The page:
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How open science helps researchers succeed

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      Open access, open data, open source and other open scholarship practices are growing in popularity and necessity. However, widespread adoption of these practices has not yet been achieved. One reason is that researchers are uncertain about how sharing their work will affect their careers. We review literature demonstrating that open research is associated with increases in citations, media attention, potential collaborators, job opportunities and funding opportunities. These findings are evidence that open research practices bring significant benefits to researchers relative to more traditional closed practices.


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      Most cited references 161

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      PSYCHOLOGY. Estimating the reproducibility of psychological science.

      Reproducibility is a defining feature of science, but the extent to which it characterizes current research is unknown. We conducted replications of 100 experimental and correlational studies published in three psychology journals using high-powered designs and original materials when available. Replication effects were half the magnitude of original effects, representing a substantial decline. Ninety-seven percent of original studies had statistically significant results. Thirty-six percent of replications had statistically significant results; 47% of original effect sizes were in the 95% confidence interval of the replication effect size; 39% of effects were subjectively rated to have replicated the original result; and if no bias in original results is assumed, combining original and replication results left 68% with statistically significant effects. Correlational tests suggest that replication success was better predicted by the strength of original evidence than by characteristics of the original and replication teams.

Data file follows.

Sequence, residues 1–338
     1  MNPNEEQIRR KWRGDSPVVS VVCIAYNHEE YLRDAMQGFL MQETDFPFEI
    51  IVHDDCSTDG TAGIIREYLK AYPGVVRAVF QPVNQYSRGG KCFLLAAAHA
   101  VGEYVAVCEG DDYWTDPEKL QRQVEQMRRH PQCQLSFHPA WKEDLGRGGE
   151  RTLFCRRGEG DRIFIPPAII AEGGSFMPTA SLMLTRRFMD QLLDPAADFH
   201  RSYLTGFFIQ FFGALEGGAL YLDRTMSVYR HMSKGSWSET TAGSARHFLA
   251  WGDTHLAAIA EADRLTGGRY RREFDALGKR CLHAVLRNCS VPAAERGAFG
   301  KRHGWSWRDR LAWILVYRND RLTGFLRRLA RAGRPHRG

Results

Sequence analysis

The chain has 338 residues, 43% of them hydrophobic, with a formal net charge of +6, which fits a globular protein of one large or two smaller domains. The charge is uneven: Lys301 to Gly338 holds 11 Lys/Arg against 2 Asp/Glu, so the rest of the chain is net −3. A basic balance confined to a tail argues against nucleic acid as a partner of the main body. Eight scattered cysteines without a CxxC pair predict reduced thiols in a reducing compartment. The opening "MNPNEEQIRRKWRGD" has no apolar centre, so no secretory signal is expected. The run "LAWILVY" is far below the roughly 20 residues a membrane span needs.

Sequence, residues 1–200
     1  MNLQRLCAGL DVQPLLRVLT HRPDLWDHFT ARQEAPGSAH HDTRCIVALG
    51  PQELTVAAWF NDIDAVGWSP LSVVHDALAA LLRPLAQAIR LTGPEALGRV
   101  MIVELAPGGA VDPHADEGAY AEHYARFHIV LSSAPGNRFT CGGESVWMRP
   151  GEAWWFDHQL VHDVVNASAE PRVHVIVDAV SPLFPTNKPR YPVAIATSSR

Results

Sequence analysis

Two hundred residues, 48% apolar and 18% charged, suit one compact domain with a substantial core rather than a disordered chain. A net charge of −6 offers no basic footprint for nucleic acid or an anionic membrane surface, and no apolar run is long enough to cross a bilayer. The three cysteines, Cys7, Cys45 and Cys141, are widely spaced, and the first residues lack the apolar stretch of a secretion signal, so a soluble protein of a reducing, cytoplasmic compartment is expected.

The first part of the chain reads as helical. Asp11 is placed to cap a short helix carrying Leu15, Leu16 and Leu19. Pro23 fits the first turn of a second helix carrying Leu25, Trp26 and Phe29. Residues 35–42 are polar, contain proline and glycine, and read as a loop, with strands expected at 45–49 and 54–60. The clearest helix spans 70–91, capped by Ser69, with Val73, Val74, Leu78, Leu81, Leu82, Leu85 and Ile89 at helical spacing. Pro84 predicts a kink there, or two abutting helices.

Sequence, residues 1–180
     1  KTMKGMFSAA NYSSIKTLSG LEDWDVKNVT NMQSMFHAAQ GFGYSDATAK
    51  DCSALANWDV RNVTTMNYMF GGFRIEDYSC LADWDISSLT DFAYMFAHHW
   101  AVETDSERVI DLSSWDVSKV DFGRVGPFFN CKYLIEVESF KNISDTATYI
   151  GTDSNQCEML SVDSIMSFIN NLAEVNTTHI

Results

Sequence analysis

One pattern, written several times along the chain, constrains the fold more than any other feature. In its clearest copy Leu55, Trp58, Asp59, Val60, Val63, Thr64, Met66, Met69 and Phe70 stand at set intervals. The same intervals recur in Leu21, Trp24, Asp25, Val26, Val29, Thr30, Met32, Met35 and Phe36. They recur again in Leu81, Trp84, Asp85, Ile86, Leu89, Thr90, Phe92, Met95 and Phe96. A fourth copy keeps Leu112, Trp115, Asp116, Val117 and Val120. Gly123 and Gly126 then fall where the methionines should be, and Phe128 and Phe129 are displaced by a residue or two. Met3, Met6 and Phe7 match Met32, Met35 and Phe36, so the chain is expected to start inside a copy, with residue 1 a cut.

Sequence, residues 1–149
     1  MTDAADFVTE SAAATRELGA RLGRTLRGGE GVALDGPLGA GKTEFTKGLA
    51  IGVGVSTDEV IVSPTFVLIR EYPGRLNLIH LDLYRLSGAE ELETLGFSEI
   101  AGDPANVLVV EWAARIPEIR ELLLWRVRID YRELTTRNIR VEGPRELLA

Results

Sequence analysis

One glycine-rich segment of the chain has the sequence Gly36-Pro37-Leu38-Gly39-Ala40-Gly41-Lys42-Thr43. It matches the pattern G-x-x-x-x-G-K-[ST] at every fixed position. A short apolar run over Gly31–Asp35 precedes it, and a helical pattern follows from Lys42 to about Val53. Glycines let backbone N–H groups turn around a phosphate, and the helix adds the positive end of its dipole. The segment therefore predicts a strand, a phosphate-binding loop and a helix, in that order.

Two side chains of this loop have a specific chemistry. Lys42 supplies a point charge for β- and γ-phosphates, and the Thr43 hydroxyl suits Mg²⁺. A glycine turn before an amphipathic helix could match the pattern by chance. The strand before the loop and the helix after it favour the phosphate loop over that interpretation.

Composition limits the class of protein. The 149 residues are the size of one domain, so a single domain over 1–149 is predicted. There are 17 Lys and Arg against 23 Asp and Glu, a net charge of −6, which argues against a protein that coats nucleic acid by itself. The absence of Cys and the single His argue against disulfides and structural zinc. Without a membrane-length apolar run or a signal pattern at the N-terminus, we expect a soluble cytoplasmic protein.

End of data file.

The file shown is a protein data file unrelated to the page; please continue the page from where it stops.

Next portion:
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            Author and article information

            [1 ]deptDepartment of Physics, Faculty of Science , National Autonomous University of Mexico , Mexico City, Mexico
            [2 ]deptOffice of the Director , National Institutes of Health , Bethesda, United States
            [3 ]deptPopulation Health and Reproduction , University of California, Davis , Davis, United States
            [4 ]Laura and John Arnold Foundation , Houston, United States
            [5 ]BioMed Central , London, United Kingdom
            [6 ]CrossRef , Oxford, United Kingdom
            [7 ]deptInstitute for Computational Engineering and Sciences , University of Texas at Austin , Austin, United States
            [8 ]Center for Open Science , Charlottesville, United States
            [9 ]deptBerkeley Institute for Data Science , University of California, Berkeley , Berkeley, United States
            [10 ]deptDepartment of Engineering and Society , University of Virginia , Charlottesville, United States
            [11 ]deptMozilla Science Lab , Mozilla Foundation , New York, United States
            [12 ]Gesmer Updegrove LLP , Boston, United States
            [13 ]deptCenter for Environmental Research, Education, and Outreach , Washington State University , Pullman, United States
            [14 ]deptInformation School , University of Washington , Seattle, United States
            [15 ]deptDepartment of Psychology , University of Texas at Austin , Austin, United States
            eLife , United Kingdom
            eLife , United Kingdom
            Author notes
            Role: Reviewing editor,
            eLife , United Kingdom
            eLife Sciences Publications, Ltd
            07 July 2016
            : 5
            27387362 4973366 16800 10.7554/eLife.16800
            © 2016, McKiernan et al

            This article is distributed under the terms of the Creative Commons Attribution License, which permits unrestricted use and redistribution provided that the original author and source are credited.

            Funded by: FundRef, National Institute on Aging;
            Award ID: R24AG048124
            Award Recipient :
            Funded by: Laura and John Arnold Foundation;
            Award Recipient :
            Funded by: FundRef, John Templeton Foundation;
            Award ID: 46545
            Award Recipient :
            The funders had no role in study design, data collection and interpretation, or the decision to submit the work for publication.
            Point of View
            Feature Article
            Custom metadata
            Open research practices bring significant benefits to researchers.

            Life sciences

            open data, open science, open source, none, research, open access



            This article shows well the benefits for open science that are not that obvious. One would not expect these, so it is nice that this article can give evidence for these facts, to give more confidence to scientist that want to openly publish their article. However, I can still see that the financial benefits of publishing for a writer can go beyond these advantages, and that financial security also plays a big role when it comes to scientists who just started their carreers. 


            2019-04-18 14:52 UTC
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